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Correlations between infiltration, emergence, crust strength and physical and chemical soil properties of irrigable soil of the MacIntyre Brook, Queensland

McAllister, J.E. and Gunton, J.L. (1980) Correlations between infiltration, emergence, crust strength and physical and chemical soil properties of irrigable soil of the MacIntyre Brook, Queensland. Queensland Journal of Agricultural and Animal Sciences, 37 (1). pp. 1-8.

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Abstract

Relationships between infiltration, seedling emergence (of Phaseolus vulgaris L.) and crust strength were correlated with soil physical and chemical properties for SO sites adjacent to the Macintyre Brook, Inglewood in southern Queensland. Regression techniques were used to determine the relationships between site response and pH, electrical conductivity, total exchangeable cations, and percentages of sodium, carbon, sand, silt and clay. The regressions indicated that high inter-correlation existed between soil properties measured. Infiltration was significantly correlated with specific conductivity, clay, sand, carbon and coarse sand, and emergence was significantly correlated with carbon and coarse sand. Crust strength was significantly correlated with clay, carbon, sand, sodium, silt and pH. An increase in percentage carbon through organic matter management may be the simplest solution to overcoming infiltration, emergence and crusting problems in the soil examined.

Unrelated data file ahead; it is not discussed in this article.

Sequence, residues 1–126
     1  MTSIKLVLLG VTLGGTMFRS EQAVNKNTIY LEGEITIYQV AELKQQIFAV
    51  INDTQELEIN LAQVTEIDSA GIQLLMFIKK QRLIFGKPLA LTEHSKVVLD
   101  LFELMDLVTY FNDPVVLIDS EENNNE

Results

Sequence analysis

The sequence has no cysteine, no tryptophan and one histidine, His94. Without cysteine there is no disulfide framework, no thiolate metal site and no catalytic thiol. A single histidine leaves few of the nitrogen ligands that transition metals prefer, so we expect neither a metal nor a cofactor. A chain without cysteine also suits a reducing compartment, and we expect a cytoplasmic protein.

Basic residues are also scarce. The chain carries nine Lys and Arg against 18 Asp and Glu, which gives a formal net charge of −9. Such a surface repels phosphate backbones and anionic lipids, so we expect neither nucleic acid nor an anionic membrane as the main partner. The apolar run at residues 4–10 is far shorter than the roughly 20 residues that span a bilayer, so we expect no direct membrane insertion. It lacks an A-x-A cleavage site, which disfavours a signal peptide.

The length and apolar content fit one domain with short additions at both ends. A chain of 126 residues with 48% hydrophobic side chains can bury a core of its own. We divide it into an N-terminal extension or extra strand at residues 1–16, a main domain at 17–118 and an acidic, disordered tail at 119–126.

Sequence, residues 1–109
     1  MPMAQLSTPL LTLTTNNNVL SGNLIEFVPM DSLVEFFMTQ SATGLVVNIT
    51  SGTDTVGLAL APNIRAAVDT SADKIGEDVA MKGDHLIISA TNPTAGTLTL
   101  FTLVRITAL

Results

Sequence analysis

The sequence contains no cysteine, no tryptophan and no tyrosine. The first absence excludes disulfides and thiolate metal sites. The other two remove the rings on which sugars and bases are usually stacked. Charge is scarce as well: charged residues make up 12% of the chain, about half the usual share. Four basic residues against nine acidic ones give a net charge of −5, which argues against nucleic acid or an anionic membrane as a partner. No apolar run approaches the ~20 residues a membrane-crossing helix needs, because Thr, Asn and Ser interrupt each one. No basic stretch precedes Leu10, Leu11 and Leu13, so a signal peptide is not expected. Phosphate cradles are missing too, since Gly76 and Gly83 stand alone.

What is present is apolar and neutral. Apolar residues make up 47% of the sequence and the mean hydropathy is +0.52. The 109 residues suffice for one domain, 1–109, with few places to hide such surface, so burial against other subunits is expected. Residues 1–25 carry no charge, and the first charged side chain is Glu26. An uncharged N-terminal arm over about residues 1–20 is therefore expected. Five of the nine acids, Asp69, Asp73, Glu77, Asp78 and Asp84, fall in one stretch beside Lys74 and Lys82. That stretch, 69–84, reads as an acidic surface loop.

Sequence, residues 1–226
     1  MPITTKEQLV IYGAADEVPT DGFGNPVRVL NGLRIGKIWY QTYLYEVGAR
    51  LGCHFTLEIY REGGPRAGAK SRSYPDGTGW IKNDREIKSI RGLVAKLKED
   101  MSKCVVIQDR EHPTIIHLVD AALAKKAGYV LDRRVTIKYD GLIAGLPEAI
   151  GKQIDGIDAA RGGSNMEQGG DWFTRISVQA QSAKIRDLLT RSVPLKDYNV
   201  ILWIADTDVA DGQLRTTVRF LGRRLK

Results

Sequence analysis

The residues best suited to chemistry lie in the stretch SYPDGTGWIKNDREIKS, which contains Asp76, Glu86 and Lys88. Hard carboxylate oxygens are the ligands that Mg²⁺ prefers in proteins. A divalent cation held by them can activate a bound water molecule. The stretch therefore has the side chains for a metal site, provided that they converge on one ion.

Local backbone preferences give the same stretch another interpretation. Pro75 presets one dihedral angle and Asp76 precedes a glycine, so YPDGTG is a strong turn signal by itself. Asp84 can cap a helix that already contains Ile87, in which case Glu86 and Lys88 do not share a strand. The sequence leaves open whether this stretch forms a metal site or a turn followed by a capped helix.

Item Type:Article
Corporate Creators:Department of Agriculture and Fisheries, Queensland
Subjects:Agriculture > Agriculture (General) > Soils. Soil science > Soil chemistry
Agriculture > Agriculture (General) > Soils. Soil science > Soil and crops. Soil-plant relationships. Soil productivity
Agriculture > Agriculture (General) > Methods and systems of culture. Cropping systems
Plant culture > Field crops
Live Archive:28 May 2024 00:48
Last Modified:28 May 2024 00:48

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